But at least the games will really matter, right?
3) Well, maybe not. The games might mean nothing at all.
Every February, the Timbers have a preseason tournament, either here in Portland or down in Tuscon. I enjoy watching them, but I’m not going to pretend they mean anything. The soccer’s low quality, the players can only play 45 minutes before they’re gassed, and in the end, it doesn’t matter whether the team wins or loses. I still watch the games and still enjoy them, but do they really matter? No. Is my heart caught up in the outcome? Not at all.
Would the Orlando Plan give us something like that? Poor quality soccer, where the players might pull a hammy, and it doesn’t even really matter who wins?
I mean, I’ll still watch it. I’m a Timbers obsessive, so of course I’ll watch it. But will it be good soccer? Probably not. Will my heart be fully invested in the results? Probably not.
4) Here’s a good question: what would it take for these games to mean something? I’m legitimately asking you, because I’m not sure.
If the league plays a small tournament in Orlando, then declares whoever wins it to be the MLS Champion of 2020, are you buying that? I’m not sure I am.
What if they play 17 games, all in Orlando? Will the team in 1st place at the end be MLS Champs? Are you buying that? Mmmaybe. We’re getting closer.
What if they play 17 games, but play them all around the country, in everybody’s real home stadiums, only empty? Would that make a legitimate 2020 MLS Champion?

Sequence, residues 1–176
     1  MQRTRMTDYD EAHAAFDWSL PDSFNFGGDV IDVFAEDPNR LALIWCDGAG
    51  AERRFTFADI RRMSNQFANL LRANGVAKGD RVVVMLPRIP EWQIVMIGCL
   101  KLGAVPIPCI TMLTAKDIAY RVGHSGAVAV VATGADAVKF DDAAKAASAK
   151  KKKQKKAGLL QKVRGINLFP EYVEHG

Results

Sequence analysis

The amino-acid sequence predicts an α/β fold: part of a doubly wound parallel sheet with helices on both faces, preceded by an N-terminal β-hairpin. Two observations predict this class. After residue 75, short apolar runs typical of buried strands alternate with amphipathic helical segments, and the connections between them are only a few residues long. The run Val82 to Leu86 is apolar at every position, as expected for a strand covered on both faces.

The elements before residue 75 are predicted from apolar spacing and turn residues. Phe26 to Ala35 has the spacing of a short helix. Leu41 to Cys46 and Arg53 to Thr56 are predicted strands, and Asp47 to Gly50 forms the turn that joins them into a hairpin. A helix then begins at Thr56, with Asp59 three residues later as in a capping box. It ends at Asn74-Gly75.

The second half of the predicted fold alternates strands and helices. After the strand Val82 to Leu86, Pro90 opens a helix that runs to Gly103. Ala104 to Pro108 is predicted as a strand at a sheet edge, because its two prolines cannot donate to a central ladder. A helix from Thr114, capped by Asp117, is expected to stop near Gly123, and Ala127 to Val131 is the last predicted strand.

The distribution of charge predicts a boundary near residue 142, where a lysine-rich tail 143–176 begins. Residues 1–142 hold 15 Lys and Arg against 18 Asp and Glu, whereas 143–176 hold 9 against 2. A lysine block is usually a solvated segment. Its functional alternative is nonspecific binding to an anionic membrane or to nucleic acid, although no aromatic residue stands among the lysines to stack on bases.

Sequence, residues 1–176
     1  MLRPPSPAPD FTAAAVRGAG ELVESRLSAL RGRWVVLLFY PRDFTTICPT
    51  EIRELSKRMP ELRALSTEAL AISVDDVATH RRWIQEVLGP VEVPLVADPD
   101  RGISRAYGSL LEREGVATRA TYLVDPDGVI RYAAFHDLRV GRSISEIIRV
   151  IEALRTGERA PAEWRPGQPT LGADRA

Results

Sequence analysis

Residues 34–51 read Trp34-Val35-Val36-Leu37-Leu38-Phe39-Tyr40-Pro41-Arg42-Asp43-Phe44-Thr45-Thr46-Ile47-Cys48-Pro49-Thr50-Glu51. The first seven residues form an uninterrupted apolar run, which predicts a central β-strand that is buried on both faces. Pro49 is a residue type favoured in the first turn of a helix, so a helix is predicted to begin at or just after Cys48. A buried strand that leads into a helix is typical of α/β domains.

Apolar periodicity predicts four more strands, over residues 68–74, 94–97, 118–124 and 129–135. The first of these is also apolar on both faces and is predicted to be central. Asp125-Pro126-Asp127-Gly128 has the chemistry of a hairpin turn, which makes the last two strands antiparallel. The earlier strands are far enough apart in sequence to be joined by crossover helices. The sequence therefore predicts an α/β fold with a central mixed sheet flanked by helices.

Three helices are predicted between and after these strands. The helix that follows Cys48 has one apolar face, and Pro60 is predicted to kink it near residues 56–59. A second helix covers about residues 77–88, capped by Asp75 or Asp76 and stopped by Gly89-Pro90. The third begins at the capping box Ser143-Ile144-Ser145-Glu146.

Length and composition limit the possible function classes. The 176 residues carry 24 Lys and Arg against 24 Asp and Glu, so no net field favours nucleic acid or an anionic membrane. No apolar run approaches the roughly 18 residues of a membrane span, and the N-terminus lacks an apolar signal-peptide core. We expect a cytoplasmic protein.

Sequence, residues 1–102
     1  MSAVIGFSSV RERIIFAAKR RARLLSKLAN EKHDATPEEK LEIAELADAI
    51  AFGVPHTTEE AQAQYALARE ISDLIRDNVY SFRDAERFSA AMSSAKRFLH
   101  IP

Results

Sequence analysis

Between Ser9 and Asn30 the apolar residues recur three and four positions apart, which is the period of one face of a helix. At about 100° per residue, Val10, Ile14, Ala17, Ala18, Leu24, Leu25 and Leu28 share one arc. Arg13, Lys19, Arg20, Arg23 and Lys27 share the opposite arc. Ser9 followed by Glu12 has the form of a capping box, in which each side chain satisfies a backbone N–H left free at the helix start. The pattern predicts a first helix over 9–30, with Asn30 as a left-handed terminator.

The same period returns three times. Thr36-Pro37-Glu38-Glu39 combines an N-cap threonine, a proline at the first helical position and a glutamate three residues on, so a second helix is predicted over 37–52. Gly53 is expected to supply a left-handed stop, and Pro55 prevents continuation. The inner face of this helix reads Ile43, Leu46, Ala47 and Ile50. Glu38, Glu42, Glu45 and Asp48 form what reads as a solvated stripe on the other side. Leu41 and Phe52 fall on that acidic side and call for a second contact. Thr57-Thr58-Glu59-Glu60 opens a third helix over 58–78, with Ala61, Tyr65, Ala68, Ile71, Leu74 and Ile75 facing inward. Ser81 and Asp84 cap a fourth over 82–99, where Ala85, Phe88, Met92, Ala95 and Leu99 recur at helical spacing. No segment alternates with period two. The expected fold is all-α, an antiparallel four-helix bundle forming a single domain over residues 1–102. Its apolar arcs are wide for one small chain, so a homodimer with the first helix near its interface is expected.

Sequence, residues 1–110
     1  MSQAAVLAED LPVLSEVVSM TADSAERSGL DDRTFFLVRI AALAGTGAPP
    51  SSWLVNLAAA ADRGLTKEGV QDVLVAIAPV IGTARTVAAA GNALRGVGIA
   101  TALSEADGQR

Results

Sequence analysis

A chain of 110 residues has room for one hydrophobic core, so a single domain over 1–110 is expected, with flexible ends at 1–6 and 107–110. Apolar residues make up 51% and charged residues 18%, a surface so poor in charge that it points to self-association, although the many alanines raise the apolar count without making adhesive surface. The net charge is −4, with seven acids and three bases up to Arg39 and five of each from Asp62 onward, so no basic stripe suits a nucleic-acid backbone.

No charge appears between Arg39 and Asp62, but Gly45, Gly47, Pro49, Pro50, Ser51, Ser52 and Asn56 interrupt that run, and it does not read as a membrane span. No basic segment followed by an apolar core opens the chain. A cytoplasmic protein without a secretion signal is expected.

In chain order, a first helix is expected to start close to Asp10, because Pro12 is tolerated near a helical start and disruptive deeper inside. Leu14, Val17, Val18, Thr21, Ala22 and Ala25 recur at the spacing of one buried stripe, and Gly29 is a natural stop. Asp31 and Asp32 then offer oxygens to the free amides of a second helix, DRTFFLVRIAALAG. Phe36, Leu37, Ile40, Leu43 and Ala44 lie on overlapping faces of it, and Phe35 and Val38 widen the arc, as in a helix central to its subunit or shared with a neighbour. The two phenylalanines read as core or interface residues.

I honestly don’t know what it would take for me to call this a real season. My instinct is to say that maybe 2020 just shouldn’t count. That, whatever the league ends up doing, we should all just agree that there’s no Supporter’s Shield winner, there’s no MLS Cup winner, the wins don’t count, the stats don’t count, and that 2020 will just go down as a year that didn’t happen.
That’s my instinct, but I can totally be talked out of it. Tell me down in comments what you would consider a “real” MLS season. What could the league do in 2020 that would make the games matter?
5) Okay, we’ve talked health and competition. Now, let’s talk money. Would the Orlando Plan make money or lose money?
The owners would be paying for flights, hotels, meals, player salaries, coach salaries, staff salaries, etc, etc, all while not selling a single ticket. Will the TV coverage bring in enough money to make this worth doing for the owners?
I’m certainly no expert, but it’s hard for me to imagine that the Orlando Plan makes money. I think maybe it breaks even at best. More likely, I think the owners lose money. Again, I don’t know this, I just suspect it.